Trayvon Martin, a 17-year-old African-American teen from Miami, was murdered on Feb. 26 as he was walking back to his father’s fiancé’s home from the store. He was shot and murdered by neighborhood watchman George Zimmerman. George Zimmerman called police prior to the shooting and described the youth as “suspicious.”
“This guy looks like he is up to no good. He is on drugs or something. He’s got his hands in his waistband. He’s coming towards me,” he is heard on the 911 call saying.
The officer advises Zimmerman not to follow the teen. A short while later the teen was shot in the chest after an apparent scuffle. Zimmerman was not arrested for the shooting nor brought in for questioning for the shooting. Though standard procedure in most homicide investigations, Zimmerman was not tested for drugs or alcohol.
Flashing back to the 1950s, we see a similar tale of the judicial system failing to deliver justice. Emmett Louis Till, a 14-year-old African American Chicago teen, was murdered after allegedly whistling at a white woman. The teen was in Mississippi visiting family members. A few days later after the incident, the woman’s husband Roy Bryant and half brother J.W. Milam arrived at the teen’s great-uncle’s house and took him to a barn, tortured him and gouged out one of his eyes. They shot the Chicago boy in the head, tied a cotton gin fan around with barbwire and threw his body in the Tallahatchie River. His body was recovered three days later.
Till’s mother held an open casket funeral for the world to see the brutal nature of her son’s murder. Bryant and Milam were brought to trial for Till’s death and later acquitted. A few months later, the two boldly admitted to killing the teen in a magazine interview. Bryant and Milam were protected by double jeopardy, which prevents a defendant from being charged with the same crime after being acquitted.
Though the circumstances are different, there are striking similarities in the two situations. Like Till, Martin was in an area unbeknownst to him. The community his father’s fiancé resides is a majority white gated community. Martin committed no crime the night of his murder, but was automatically deemed suspicious. He was immediately stereotyped by Zimmerman as a gun-toting thug on drugs and up to no good. Zimmerman remarked Martin had his hands in his waistband.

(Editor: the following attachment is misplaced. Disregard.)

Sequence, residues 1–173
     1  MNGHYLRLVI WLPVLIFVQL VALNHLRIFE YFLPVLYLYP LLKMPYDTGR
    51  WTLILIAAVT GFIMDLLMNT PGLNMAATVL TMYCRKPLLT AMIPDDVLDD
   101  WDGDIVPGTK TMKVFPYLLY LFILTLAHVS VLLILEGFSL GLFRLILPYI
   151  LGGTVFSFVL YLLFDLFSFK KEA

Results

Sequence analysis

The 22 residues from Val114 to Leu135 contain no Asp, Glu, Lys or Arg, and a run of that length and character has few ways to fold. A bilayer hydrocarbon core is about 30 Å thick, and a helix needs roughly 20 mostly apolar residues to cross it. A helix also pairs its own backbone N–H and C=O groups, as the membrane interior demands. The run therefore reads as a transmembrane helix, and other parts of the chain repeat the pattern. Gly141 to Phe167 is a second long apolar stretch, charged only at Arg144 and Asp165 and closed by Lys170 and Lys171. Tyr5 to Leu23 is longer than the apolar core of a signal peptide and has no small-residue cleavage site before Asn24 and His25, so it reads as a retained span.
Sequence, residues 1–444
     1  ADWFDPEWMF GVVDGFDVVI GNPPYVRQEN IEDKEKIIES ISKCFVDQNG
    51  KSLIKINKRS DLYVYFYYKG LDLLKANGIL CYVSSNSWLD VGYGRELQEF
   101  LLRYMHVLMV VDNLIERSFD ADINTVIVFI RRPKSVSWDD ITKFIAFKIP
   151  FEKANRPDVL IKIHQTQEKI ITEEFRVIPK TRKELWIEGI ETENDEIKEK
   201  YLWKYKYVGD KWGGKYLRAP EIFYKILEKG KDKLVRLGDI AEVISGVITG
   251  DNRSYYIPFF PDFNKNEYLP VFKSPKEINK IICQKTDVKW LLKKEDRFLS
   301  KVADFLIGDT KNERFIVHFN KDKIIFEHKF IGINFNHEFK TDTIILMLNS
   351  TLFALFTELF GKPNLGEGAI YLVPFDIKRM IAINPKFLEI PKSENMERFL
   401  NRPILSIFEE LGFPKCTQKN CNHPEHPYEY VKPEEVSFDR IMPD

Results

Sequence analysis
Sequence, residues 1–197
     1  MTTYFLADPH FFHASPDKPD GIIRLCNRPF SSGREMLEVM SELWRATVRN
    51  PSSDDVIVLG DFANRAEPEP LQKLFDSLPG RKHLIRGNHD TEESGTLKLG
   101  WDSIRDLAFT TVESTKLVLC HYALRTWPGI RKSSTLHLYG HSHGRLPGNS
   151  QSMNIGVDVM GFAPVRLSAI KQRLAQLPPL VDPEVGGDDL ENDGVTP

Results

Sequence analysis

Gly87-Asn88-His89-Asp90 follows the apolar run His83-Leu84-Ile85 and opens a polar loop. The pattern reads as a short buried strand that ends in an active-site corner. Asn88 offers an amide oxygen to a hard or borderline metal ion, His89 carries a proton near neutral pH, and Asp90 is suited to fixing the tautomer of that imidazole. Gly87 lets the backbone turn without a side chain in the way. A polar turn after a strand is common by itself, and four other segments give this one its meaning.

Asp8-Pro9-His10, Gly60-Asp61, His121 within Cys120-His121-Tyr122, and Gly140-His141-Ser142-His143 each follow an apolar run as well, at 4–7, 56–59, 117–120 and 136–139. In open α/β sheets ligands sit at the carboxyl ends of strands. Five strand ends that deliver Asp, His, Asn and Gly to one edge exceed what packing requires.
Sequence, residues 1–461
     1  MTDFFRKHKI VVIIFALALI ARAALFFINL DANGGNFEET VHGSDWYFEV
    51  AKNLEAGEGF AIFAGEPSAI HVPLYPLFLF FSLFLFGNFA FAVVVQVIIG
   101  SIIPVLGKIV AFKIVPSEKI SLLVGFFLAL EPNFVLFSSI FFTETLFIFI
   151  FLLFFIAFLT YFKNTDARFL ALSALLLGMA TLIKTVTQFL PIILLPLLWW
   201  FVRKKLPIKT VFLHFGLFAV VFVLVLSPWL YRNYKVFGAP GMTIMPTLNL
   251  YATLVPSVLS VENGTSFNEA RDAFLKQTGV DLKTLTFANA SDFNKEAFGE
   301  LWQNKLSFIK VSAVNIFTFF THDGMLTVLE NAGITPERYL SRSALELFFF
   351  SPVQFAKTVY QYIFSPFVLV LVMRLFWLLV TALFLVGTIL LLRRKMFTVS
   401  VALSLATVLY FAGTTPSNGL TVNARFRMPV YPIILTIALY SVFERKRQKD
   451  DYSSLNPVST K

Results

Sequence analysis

“I don’t know what his deal is,” he told an emergency dispatcher.
Both situations open up a lot of questions regarding race and stereotypes in this country. An African American male at night is feared. A black male walking into a convenience store at night or simply walking anywhere is frightening to a lot of people. The perception of black males in America is fear. They are expected to rape, steal and kill. This is what Zimmerman feared that fateful night.
Whether race and stereotypes were involved in this case is debatable. However, Zimmerman broke the law. He failed to follow the police’s orders. Now a young African-American teen is dead. Justice needs to be served.
As Zimmerman is brought to justice, the country needs to continue the debate and discussion on race. Until we can come together to have an open discussion on race in this country, we may sadly experience another Trayvon Martin case.
We have audio of the Trayvon Martin 911 calls in Collegiate NetVision.
Listen to George Zimmerman’s 911 Call by Clicking Here
Listen to 911 Call of actual shooting and screams by clicking here.
Watch interview of teen who witnessed Trayvon Martin and George Zimmerman’s altercation by clicking here.
Trayvon Martin’s Family Demands Justice